Round-up of Clerkenwell Design Week 2023

Stepping out of the train and into the Clerkenwell sunshine, rose-tinted glasses aside, the trademark pink stripes were unavoidable and led the way – winding through the district punctuated by design statements, creative inflatables and some fairly regular Aperol Spritz stations! Writer Pauline Brettell looks back at some of the highlights of the week…

inflatable telephone booth at Clerkenwell design week by artist Steve Messam

The statement pink street markings were out, the showroom doors were open and the design and architecture community were released from their studios for Clerkenwell Design Week 2023 (CDW 23). With more exhibitors than ever before, the UK’s most-raved-about design festival was ready to put on a show for this year’s edition that stretched across the entire EC1 London district. From May 23 – 25, more than 160 showrooms came together to deliver more than 600 events and thousands of installations and product launches.

For Hotel Designs, a proud long-standing media partner for the festival, following an engaging press preview, the action started at the Atlas Concorde showroom where Editor Hamish Kilburn hosted an exclusive roundtable with architects and designers, putting the ‘language of biophilia in surface design’ under the spotlight. The conversation, which was born from the surface brand’s recent partnership with HBA to create five new looks to the Marvel Travertine collection, went on to resonate in other events and surface in many talking points throughout the week.

Continuing on from the debates that took place over the 2022 editon of the design festival, biophilic design and issues around sustainability remained high on the agenda, but what was apparent is that designers and studios are all digging a little deeper to come up with answers, and in some cases more questions, to these concerns.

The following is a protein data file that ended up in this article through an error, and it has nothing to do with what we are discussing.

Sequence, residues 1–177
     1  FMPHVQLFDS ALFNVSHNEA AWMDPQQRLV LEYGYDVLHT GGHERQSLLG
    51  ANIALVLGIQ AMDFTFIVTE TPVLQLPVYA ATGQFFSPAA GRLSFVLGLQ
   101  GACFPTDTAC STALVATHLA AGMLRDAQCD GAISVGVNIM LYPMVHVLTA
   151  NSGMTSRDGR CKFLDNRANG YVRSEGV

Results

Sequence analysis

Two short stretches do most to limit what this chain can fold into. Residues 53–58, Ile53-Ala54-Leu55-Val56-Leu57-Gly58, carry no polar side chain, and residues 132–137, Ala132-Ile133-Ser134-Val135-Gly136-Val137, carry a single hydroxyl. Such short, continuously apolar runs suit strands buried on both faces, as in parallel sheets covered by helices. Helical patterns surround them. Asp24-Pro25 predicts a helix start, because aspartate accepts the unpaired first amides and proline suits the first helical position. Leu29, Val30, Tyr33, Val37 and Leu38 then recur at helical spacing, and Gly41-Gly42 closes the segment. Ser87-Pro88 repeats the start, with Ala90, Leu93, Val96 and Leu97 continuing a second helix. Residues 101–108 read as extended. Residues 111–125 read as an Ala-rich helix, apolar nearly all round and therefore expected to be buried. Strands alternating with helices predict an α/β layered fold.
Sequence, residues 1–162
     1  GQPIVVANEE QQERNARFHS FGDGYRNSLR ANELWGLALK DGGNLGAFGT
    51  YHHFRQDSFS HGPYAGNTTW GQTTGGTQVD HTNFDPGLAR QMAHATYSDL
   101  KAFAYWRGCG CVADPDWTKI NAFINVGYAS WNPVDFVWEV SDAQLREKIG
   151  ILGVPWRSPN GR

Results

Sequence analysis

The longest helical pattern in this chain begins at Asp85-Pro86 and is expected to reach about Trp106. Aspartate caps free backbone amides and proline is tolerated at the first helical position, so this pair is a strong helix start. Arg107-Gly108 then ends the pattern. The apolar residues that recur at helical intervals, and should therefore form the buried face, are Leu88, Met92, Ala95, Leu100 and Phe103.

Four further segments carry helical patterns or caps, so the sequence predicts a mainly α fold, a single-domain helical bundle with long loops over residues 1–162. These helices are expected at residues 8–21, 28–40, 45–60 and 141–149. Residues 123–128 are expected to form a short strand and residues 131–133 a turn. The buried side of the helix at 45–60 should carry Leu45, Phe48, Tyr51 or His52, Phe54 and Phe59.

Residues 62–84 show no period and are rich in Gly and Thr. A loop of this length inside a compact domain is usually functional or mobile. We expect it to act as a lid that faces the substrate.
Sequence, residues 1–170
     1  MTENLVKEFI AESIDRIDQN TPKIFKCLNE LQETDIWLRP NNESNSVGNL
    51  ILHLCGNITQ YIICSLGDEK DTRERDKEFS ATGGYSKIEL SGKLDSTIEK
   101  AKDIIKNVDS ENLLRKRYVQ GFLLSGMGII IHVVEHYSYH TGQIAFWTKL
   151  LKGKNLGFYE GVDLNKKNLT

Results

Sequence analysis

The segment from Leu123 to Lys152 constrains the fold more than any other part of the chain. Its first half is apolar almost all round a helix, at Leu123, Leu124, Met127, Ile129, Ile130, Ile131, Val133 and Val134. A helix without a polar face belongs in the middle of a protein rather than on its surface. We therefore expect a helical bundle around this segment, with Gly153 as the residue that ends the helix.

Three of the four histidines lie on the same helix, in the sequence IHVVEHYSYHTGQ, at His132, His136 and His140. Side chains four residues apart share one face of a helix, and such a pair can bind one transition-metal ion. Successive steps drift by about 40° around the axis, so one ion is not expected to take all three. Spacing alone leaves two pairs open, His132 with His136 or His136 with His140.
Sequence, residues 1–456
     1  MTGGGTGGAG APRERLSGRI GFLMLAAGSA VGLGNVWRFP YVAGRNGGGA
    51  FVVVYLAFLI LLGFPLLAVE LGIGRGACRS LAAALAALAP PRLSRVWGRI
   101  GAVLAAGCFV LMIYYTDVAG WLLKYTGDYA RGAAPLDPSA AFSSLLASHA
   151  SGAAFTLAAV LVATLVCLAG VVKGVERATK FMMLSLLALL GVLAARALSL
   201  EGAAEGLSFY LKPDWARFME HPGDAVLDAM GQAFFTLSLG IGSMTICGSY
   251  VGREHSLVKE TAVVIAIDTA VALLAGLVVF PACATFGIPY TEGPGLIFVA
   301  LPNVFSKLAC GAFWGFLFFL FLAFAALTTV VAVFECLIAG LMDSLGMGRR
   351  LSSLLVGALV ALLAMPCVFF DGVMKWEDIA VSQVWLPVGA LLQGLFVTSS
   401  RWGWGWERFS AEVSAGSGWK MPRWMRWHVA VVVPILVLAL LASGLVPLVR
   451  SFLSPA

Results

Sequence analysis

An aerial image of Marvel Travertine from Atlas Concorde

Image credit: Atlas Concorde

After an appropriately strong espresso with the Atlas Concorde team it was time to follow those pink stripes, which in this case led to Old Sessions House – a beautifully curated space that provided the perfect backdrop for the launch of the hotly anticipated unveiling of the new EDITION 28 collection from Chelsom, designed in-house by Robert and Will Chelsom.

contemporary lighting design with black structure and round glass shades by Chelsom against a terracotta background

Image credit: Chelsom

Continuing to trip the light fantastic, it was time to go underground and explore Light. The lighting exhibition housed in the subterranean House of Detention is always a favourite, as this former Victorian prison provides a wonderfully atmospheric backdrop for the products on display. First past the door, Lladro, known in the past for its more traditional ceramics, showcased its Soft Blown collection, the result of a collaboration with Nichetto Studio. The bold designs in bright colours reference the playful world of balloons and inflatables while being made in the finest handmade porcelain in the Lladro tradition. In the spirit of the week, visitors could have a bit of creative fun with the elements making up the whole and assemble their own take on a Soft Blown table lamp.

porcelain shapes in earthy pastels make up the parts of the Hand blown chandelier by Lladro

Image credit: Lladro

A few more steps deeper into the dungeon was Studio Lloyd, a very much younger studio based in Cape Town South Africa. The studio was founded in 2016 by industrial lighting designer Ashlee Lloyd and each piece emerging from the studio, is delicately made by incorporating the traditional technique of crochet into modern lighting, while focussing on creating bold sculptural statement. Each fixture develops organically and is unique to a project. This youthful studio is committed to striving for diversity within the handcrafted lighting design scope, while creating unique and functional pieces of art.